Something I need to point out is that most people automatically associate Buddhism with meditation, but the truth is that you can reap the benefits of meditation on its own. Not only from a Diabetes standpoint but for people in general, meditation can do a world of good. This is becoming a well-known fact, and plenty of people are getting on board. Meditation is offered/taught in some places of work, schools and a variety of classes where different varieties of meditation are taught.
And yes, there are different types of meditation. Some of the most popular ones are transcendental meditation, focused meditation, mantra meditation and relaxation meditation are but a few, and it all depends on what you’re trying to accomplish with the meditation that you do. Just like there are a variety of types of yoga and types of martial arts.
But some of the benefits of meditation can include lowering one’s blood pressure, controlling pain within the body, improving one’s sleep, helps one to focus and increase self-awareness and helps with stress and anxiety. All of these things can be helpful with the control of blood sugars and overall Diabetic health. You can find introductory classes on guided meditation in most major cities, and there are plenty of books on the subject as well. Be sure to keep an open mind, and if it doesn’t feel right to you, don’t be afraid to seek out different classes as every instructor or teacher may have a different method of imparting the knowledge.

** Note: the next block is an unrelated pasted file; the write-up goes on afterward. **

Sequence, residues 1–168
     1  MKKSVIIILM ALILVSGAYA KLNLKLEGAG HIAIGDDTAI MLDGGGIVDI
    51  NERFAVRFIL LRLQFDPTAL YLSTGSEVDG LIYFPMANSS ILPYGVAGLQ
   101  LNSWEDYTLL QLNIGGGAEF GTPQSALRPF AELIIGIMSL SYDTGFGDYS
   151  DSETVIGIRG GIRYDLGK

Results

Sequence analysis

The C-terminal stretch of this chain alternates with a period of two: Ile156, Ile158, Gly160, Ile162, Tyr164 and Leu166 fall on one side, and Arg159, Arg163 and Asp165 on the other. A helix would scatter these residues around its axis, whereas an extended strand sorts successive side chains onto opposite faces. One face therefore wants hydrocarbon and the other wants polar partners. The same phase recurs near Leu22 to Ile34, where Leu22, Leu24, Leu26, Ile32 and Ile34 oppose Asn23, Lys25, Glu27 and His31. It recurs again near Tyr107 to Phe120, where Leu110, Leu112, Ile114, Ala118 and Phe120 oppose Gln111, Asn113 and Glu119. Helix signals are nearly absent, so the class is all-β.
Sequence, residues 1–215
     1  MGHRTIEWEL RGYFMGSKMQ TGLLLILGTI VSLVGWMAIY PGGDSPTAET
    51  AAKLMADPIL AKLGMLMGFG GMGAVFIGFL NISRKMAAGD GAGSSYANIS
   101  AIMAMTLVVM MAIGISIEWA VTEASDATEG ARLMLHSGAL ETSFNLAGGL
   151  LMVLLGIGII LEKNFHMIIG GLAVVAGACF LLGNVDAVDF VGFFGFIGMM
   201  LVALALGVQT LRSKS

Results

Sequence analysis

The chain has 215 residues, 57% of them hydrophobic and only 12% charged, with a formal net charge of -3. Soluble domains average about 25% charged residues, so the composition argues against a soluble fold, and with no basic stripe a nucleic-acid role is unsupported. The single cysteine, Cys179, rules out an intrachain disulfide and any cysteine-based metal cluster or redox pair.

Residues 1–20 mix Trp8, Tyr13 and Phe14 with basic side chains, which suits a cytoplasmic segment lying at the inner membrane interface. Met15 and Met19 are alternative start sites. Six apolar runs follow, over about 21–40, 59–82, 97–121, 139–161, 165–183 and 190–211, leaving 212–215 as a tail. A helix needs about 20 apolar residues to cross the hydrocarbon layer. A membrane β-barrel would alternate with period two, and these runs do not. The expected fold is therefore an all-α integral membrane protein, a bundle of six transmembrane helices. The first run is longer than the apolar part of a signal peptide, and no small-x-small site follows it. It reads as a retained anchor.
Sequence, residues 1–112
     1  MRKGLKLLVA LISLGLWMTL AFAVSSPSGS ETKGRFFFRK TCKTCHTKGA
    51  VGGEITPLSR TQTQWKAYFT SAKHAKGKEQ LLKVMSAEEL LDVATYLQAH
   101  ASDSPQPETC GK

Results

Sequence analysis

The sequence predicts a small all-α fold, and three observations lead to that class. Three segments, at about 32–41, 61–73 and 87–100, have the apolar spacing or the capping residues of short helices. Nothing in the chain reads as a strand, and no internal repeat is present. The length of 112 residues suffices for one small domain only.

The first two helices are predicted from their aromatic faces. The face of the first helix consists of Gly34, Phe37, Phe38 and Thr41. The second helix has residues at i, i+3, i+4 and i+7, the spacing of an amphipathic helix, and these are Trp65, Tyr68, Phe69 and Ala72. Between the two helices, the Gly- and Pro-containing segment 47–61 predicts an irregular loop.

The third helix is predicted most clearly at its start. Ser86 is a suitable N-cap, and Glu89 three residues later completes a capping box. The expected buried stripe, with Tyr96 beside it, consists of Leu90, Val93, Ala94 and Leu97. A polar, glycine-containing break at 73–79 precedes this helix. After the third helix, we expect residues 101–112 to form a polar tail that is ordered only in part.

I may have fallen into some of what I do by accident or coincidence, but I’ll never look back. One of the beautiful aspects of meditation is that you can basically do it anywhere. All you need is a comfortable place to sit/lie down, whatever your preference may be. ☯
You know, one of the hardest aspects of trying to get/stay in shape, is judgement from others. Let’s be honest… We can say we don’t give a shit what others think until the cows come home. But the reality is that having someone else, even a total stranger, tell us that we’re out of shape or don’t look “ideal” is always a bit of a downer. Which is why I don’t understand why people do it.
The most popular example of this, would be a particularly heavy-set individual going to a public gym in the hopes of losing some weight and improving themselves. Then having one and/or many assholes, in their ignorance, point and laugh, thereby discouraging the person from going to the gym again. It’s a nasty cycle of behaviour against one’s fellow human, and you’d think we’d have surpassed it. Especially in a modern society where everyone is so damned sensitive about the least of things. But I digress…
Last Saturday (May 2nd) I took to the streets for a quick run on my bike. I like biking. Those of you following this blog have likely come to be VERY aware of this. And today was not an exception to that rule, as I decided to go rack up some mileage. As I have been trying to maintain a minimum of three fitness session of any kind every week for my year-long resolution, I had little choice but to do something as I only had two workouts on the books. I know, I know… Bad me!